Don’t Blink, Kenny Chesney
Part of living in God’s country is country western music. It’s literally the only music one can access on local stations. Thank goodness for all the alternative sources of music.
Country Western, in itself, wouldn’t be so bad except that more often than not, the theme is about loss…sad songs pulling on your emotions.
Regardless, a current local DJ favorite is an old Kenny Chesney song, Don’t Blink.
I’ve included it just in case you live in an area that does not favor the CW genre. The song plays well as the backdrop to this post so you might want to click on the play button just to get the full effect…
My kids and four grandsons descended this past week. We had great fun — the boys spending most of their time paddle boarding, kayaking, fishing, playing marathon monopoly and eating. Lots of eating, but then, they are all still growing skywards. They tower over me, making me that much more aware of just how quickly time is passing.
My oldest grandson recently graduated from University of California, celebrated his 23rd birthday and is stepping into a whole new life adventure.
The two sixteen year old cousins remain two peas in a pod, even though they’re launching in very different directions — one, interning at the California Academy of Sciences, has a science bent that far exceeds his age, and the other, a strong student with multi-faceted interests, is currently dedicated to his first love, playing varsity football. The fourteen year old missed the competitive gene despite having the build of a football player, but shows exceptional talent as an artist and sculptor.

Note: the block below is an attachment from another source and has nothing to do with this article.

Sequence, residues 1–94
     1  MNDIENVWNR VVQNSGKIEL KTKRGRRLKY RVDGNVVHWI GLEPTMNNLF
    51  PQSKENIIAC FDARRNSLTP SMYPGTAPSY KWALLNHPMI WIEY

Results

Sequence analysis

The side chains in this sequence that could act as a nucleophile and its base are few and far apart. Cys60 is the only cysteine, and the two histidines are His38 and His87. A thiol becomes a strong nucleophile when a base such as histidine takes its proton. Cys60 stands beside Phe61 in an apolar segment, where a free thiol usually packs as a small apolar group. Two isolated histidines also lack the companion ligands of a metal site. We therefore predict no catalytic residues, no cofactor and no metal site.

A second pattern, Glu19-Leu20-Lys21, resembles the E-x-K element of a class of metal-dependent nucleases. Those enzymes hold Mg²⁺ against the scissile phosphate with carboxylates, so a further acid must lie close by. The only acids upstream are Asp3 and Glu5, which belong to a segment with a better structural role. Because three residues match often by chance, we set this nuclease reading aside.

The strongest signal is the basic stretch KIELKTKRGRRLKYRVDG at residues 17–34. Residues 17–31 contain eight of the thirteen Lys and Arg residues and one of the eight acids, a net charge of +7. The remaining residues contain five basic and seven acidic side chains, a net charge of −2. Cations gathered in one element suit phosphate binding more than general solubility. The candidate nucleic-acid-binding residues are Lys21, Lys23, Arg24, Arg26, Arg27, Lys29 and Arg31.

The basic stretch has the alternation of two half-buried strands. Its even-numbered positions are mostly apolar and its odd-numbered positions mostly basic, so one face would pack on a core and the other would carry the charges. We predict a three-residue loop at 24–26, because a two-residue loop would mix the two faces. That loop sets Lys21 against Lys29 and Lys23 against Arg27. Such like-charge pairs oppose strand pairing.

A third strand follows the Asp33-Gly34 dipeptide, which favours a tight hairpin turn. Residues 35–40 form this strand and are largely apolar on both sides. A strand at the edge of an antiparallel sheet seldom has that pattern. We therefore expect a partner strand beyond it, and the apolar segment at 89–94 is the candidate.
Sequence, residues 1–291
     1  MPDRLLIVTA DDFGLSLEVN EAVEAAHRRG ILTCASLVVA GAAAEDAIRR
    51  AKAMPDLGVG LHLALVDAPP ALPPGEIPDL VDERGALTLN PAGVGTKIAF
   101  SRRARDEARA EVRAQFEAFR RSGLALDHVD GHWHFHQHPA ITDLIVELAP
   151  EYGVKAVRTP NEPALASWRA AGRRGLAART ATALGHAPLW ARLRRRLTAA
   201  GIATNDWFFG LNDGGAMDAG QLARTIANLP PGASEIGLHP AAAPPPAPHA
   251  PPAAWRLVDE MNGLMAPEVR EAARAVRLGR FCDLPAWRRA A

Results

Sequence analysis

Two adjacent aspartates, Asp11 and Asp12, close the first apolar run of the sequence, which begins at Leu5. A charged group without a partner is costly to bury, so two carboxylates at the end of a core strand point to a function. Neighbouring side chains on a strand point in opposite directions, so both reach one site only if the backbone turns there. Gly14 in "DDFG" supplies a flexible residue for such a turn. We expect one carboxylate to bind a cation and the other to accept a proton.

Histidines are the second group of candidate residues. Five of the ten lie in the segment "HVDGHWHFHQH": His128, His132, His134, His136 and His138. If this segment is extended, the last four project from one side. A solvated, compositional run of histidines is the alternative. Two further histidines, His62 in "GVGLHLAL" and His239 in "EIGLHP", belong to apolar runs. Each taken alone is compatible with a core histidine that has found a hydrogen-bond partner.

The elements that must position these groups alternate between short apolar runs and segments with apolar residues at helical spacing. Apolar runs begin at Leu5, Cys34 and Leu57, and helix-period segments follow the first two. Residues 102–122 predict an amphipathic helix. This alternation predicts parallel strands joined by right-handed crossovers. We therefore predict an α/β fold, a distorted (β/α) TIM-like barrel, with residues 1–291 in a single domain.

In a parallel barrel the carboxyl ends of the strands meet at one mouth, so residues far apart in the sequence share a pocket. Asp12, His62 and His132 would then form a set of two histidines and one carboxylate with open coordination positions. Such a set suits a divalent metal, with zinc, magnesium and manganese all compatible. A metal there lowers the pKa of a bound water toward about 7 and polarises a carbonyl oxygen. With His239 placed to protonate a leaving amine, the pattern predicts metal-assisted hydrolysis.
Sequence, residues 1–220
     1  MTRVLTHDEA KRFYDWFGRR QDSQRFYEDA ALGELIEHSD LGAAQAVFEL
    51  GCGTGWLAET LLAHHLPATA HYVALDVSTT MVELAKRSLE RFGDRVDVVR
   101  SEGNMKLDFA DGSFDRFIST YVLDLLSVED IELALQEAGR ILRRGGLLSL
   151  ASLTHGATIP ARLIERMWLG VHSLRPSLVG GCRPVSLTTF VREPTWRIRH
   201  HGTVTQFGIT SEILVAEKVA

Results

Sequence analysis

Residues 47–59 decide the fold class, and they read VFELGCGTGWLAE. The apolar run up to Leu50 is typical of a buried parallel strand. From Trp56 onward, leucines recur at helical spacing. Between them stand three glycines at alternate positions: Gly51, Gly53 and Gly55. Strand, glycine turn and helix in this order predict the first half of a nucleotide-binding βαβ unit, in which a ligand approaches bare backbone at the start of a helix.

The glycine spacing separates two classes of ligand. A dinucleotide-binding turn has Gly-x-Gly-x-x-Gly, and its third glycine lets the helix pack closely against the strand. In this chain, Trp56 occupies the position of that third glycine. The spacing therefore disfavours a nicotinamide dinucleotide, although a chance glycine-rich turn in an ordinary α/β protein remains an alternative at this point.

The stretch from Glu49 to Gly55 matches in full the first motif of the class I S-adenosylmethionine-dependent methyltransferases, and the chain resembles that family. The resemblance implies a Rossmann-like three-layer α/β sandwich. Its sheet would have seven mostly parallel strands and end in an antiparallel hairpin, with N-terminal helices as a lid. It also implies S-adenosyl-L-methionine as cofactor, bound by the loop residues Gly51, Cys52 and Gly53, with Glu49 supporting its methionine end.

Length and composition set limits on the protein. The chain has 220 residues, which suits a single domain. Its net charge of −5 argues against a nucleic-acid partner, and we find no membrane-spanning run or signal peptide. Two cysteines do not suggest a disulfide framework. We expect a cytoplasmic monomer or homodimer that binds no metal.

My oldest and only granddaughter, in her early 30’s, is with her wife in London, where she is living her dream of being the lead pastry chef for a boutique cafe chain. They are hoping to become moms in the near future.
Which also means I’ll be a great-grandmother.
And my kids? Hovering on either side of 50 and, despite life challenges in health, family and careers, remain good people.
And that is ultimately what counts.
In all of this, I find it a bit curious that as we age and perhaps face more goodbyes than new adventures, there are unexpected moments of solitude and reflection, usually in the silence after the cars, kids, grand-kids and grand-dogs have departed.
It seems, at least for me, that it is in those moments of Aloneness that I have become keenly aware that the regrets and losses of our lifetimes stay closer than the successes.
The importance of the triumphs of our lives, those events once celebrated, have diminished with time. Like fine dust caught in a breeze, they leave little more than a whisper of a memory.
But the regrets? oh my. They hover close, just waiting for that moment of Aloneness to remind us once again of what we might have done, might have given, might have said…
…the different paths that our lives, and the people whose lives we touched, might have taken, if only…